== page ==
Preferably the precious metal plating has a color which contracts with the chromium plating color. For example, a gold platin or a green gold plating, may be employed. If desired, the exposed base metal surfaces A, indicated in Fig. 3, may be etched by means of a suitable etching solution, such as ferric chloride, which will not affect the chromium plating. That is, the chromium plating may be used as a resist during the etching operation. Thereafter, the etched base metal areas may be plated with a precious metal. or precious metal alloy. The chromium plating will not receive the precious metal plating. On the other hand, chromium plating will be received readily by other metals. suitable current density per unit of area being employed in the plating operation.

If desired, after the base plate has received the plating of precious metal, the chromium plating design may be removed, for example, by using dilute hydrochloric acid or dilute sulphuric acid; and the exposed areas of the base plate may then be etched while using the precious metal plating (silver, for example) as a .resist. An etching operation of this character is more fully described in the above-mentioned application.

The improved method is applicable to producing decorative designs on various base metals and alloys, such as brasses, bronzes, German silvers, etc.

The foregoing detailed description has been given for clearness of understanding only, and no unnecessary limitations should be understood therefrom, but the appended claims should be construed as broadly as permissible, in View of the prior art.

What I regard as new, and desire to secure bv Letters Patent, is:

1. The method of treating a base metal surface, which comprises: applying tothe surface a suitable resist design; applying a chromium plating .design' to the exposed areas of the metal surface; removing the resist design, thus leaving areas of the original surface exposed and other areas covered by the chromium plating; etching the exposed areas of the original surface; and plating with precious metal said etched areas while the chromium serves as a resist.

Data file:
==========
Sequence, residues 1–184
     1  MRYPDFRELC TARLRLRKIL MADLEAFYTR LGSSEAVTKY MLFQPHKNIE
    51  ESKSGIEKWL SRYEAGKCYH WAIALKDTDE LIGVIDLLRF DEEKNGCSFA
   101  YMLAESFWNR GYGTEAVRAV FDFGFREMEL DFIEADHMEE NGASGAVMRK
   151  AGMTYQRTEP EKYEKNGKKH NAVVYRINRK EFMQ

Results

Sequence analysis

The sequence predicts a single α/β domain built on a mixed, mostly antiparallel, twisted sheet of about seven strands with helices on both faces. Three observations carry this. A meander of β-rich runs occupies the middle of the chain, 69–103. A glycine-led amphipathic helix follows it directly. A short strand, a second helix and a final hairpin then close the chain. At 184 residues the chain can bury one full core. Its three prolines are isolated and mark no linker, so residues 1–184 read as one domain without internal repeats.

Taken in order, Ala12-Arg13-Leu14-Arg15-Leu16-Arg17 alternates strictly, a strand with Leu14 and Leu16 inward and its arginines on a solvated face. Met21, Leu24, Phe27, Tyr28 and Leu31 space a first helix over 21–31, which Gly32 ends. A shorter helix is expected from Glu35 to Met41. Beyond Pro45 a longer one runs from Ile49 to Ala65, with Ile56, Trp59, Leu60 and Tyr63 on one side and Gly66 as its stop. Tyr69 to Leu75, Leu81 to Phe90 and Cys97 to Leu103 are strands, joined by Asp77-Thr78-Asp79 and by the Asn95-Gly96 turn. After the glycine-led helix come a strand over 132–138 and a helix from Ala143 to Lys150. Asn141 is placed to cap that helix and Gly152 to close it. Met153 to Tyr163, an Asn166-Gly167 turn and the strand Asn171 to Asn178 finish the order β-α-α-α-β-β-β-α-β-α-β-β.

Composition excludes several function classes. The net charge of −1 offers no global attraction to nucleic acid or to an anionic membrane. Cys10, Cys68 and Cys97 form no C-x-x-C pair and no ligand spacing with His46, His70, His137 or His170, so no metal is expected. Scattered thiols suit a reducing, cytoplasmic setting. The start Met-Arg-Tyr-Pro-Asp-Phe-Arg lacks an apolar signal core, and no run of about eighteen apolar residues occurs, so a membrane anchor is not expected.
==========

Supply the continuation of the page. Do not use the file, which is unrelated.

2. A method of treating a base metal surface; which comprises: producing a chromium plating design on a portion of said surface and exposing the remaining areas; and plating said exposed areas with a platable metal of contrasting color, the chromium being used as a resist in the last-mentioned plating operation.

3. A method of treating a base metal surface, which comprises: producing a chromium plating design on a portion of said surface and exposing the remaining areas, and plating said exposed areas with' a metal comprising gold while the chromium plating design serves as a resist.

4. The method of treatin a metal surface, which comprises: pro ucing a. chromium plating design on a portion of said surface and exposing the remaining areas, etching those exposed areas with an etching solution which does not dissolve chromium plate; andlating the etched areas of the original meta while using the remaining chromium plate as a resist.

JAMES C. MoFARLAN D.

Referenced by
Citing PatentFiling datePublication dateApplicantTitle
US2772483 *May 12, 1955Dec 4, 1956Continental MachinesComposite gage block
US2934479 *Jan 22, 1957Apr 26, 1960Leon L DeerProcess for masking printed circuits before plating
US3238344 *Nov 30, 1962Mar 1, 1966Cem Comp Electro MecExternally controlled hermetically enclosed electric switch
US3542612 *Aug 11, 1967Nov 24, 1970Western Electric CoPhotolithographic masks and methods for their manufacture
US3634161 *Jul 26, 1968Jan 11, 1972Licentia GmbhMethod of dividing semiconductor wafers
US3926747 *Feb 19, 1974Dec 16, 1975Bell Telephone Labor IncSelective electrodeposition of gold on electronic devices
US4077851 *Mar 4, 1977Mar 7, 1978Bell Telephone Laboratories, IncorporatedPatterned chromate film process
US4077852 *Feb 9, 1977Mar 7, 1978Bell Telephone Laboratories, IncorporatedSelective gold plating
US4552832 *Mar 1, 1983Nov 12, 1985Braun AktiengesellschaftShear foil having protrusions on its skin-contacting surface thereof
US4786362 *Feb 2, 1988Nov 22, 1988Hermann RitzenhoffProcess for producing decorative or informative patterns on objects formed of singly or multiply plated metal sheets
US4988412 *Dec 27, 1988Jan 29, 1991General Electric CompanySelective electrolytic desposition on conductive and non-conductive substrates
US5122256 *May 24, 1991Jun 16, 1992Waskiewicz Walter PMethod for selectively coating surfaces of components
US20040224181 *May 7, 2003Nov 11, 2004Teresa GalanMethod of making multicolored jewelry and a piece of jewelry made by the method
US20110050055 *Apr 7, 2010Mar 3, 2011Shenzhen Futaihong Precision Industry Co., Ltd.Method for making device housing and device housing thereof
Classifications
U.S. Classification205/120, 205/266, 205/178, 430/323, 205/263, 205/264, 216/100, 205/283, 126/390.1, 205/210, 216/51
International ClassificationB44C3/00
Cooperative ClassificationB44C3/005
European ClassificationB44C3/00B